Project Perch



Text Box: Twenty Broward County schools have participated thus far in educating children and youth about ways to care for, protect, and count the owls.  Activities have included making a wildlife journal, creating artificial burrows, providing perches, signs, stakes and rope, and learning how to become "Certified Burrow Caretakers". Because lawn mowing equipment is heavy and damages burrows, the creation of artificial burrows has been an important part of the process of saving the Burrowing Owls. It also facilitates relocating burrows away from unsafe areas of school grounds. What is amazing, is how unique each school project turns out to be and how many different school subjects, classes and clubs that these projects impact.  We have had science fair participants, environmental clubs, and science classes, but we have also had student journalists, videographers, photographers, and artists as well as a math class, a shop class, a robotics lab, and children with special needs.  In all of our projects, the students do as much of the work as possible. The artificial burrows are dug by students; the maps for the projects are made by students; the artwork, videos, photographs, signs, banners, and website are all created by students.

First Project Perch Volunteer


Text Box: Blanche Ely High School

On February 19, 2016, a group of Audubon volunteers went to Blanche Ely Magnet High School to check on two burrows. Both were in use, and the owls flew to nearby trees when the team approached. Some students came to see what was going on and the Audubon team taught them how to rope off one of the burrows and install an informational sign. The second burrow was overgrown with weeds and the students volunteered to take turns clearing the grass around the burrows. As everyone was leaving, the owls flew back to the safety of the burrows and watched, big yellow eyes tracking, continuing on with their never-ending job of predator surveillance.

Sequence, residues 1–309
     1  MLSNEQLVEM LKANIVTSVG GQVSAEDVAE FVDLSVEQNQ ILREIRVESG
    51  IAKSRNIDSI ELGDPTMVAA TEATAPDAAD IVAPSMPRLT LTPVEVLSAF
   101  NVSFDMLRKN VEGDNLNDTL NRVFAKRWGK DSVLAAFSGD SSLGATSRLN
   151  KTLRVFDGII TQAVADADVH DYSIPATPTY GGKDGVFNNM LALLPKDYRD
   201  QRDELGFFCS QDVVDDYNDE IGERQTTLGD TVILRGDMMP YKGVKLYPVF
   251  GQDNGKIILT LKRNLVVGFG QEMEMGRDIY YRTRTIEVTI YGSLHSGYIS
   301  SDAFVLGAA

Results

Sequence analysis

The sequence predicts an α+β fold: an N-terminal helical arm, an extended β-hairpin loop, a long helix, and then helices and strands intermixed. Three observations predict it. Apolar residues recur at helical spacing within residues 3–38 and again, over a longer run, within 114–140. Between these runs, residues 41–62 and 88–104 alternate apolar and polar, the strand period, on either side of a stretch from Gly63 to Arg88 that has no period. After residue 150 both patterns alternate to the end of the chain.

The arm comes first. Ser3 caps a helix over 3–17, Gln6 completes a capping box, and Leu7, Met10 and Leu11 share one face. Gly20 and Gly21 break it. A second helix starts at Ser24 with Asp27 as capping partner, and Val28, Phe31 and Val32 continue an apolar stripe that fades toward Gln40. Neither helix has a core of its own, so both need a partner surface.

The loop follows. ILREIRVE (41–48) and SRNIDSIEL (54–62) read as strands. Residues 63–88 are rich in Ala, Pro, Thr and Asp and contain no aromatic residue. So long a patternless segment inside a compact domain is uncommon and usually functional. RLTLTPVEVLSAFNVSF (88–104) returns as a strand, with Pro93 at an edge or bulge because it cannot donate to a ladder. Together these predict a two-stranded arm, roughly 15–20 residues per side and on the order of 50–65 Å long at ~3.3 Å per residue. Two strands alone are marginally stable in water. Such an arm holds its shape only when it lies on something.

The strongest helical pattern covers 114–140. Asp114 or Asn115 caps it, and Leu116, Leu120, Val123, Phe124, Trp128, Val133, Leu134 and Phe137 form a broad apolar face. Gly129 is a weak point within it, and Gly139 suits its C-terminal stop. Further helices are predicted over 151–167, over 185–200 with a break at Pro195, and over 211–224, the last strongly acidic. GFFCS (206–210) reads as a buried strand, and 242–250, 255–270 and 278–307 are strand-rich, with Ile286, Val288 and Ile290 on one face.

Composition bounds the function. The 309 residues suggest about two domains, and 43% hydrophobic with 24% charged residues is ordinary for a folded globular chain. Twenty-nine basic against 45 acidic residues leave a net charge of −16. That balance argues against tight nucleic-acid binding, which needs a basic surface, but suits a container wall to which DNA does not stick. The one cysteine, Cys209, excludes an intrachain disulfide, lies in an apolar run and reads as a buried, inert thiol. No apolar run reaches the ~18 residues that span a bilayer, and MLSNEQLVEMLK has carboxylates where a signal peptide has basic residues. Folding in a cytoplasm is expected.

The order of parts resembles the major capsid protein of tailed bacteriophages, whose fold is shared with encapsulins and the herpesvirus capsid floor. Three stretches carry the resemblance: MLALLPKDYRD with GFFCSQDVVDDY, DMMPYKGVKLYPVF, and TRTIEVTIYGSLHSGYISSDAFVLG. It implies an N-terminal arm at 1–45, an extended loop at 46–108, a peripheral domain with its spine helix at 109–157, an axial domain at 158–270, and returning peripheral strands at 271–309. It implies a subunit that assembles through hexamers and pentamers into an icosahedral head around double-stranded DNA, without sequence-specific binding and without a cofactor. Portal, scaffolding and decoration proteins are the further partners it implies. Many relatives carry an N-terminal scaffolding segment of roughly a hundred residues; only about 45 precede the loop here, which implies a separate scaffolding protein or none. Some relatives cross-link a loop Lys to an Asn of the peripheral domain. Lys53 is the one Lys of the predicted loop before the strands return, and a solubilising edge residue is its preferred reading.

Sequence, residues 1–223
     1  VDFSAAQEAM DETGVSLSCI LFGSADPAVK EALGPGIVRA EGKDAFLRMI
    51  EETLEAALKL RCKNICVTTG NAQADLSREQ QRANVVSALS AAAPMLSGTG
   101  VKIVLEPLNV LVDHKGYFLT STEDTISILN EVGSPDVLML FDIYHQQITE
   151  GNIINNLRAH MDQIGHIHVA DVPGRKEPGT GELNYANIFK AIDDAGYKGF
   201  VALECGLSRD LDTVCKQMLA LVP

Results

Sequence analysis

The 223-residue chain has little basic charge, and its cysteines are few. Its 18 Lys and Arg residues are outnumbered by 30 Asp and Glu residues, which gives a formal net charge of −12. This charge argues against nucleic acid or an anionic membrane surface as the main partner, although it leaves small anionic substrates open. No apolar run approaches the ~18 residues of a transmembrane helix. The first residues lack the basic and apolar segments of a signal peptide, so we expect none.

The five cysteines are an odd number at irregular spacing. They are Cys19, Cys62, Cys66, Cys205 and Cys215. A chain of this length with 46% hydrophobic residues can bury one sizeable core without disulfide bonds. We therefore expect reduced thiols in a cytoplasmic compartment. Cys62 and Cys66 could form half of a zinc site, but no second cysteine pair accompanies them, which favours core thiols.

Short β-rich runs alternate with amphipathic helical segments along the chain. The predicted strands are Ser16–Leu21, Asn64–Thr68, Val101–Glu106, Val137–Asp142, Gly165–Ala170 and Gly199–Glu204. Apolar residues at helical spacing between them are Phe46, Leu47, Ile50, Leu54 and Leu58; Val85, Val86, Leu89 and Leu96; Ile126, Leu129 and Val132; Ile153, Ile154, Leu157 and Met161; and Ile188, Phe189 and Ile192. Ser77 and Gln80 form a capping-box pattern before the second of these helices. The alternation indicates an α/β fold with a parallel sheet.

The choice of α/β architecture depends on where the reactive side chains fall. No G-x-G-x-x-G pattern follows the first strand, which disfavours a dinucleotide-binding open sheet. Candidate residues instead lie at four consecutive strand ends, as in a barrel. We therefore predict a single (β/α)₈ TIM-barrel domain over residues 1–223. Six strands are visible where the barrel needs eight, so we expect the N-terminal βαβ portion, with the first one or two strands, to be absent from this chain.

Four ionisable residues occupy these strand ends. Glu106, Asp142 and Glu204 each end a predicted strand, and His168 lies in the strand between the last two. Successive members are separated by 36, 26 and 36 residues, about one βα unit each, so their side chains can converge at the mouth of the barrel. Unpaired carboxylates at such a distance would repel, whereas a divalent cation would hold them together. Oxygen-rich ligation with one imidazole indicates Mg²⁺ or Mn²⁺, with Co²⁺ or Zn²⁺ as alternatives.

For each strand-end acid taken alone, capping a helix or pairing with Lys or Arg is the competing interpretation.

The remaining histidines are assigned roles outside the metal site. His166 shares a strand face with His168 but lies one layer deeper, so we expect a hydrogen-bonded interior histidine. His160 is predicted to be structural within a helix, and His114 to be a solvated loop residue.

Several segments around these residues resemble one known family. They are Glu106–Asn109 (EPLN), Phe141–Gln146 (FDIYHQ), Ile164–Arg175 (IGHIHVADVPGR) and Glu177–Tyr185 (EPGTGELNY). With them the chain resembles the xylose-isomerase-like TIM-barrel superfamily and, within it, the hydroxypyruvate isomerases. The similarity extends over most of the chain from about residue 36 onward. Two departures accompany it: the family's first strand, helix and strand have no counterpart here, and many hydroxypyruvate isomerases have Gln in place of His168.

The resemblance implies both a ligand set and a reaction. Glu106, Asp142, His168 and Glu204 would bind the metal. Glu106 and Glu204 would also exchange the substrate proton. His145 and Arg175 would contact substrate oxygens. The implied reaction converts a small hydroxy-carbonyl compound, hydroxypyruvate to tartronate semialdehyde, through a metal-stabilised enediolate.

Text Box: Students clear the overgrown vegetation around a burrow after they installed a protective barrier fence.







Text Box: Cooper City and Piper High Schools

These schools had owl’s nest on very busy athletic fields and had to suspend or move their practices and games. Cooper City High had the Students for the Improvement of the Environment (SITE) club already working on a future owl project. They quickly changed all of their plans, diagrams, and sprung into action. They raised funds while they pushed everything back through their approval process. A student journalist documented everything. The teacher and club practiced project management, consensus building and learned a lot about school governance. At Piper High a very supportive athletic coach joined forces with the environmental club and science classes to get some new burrows installed quickly.  When asked "What about football?", he said the students were way more excited to help the owls first.  It was a unique opportunity.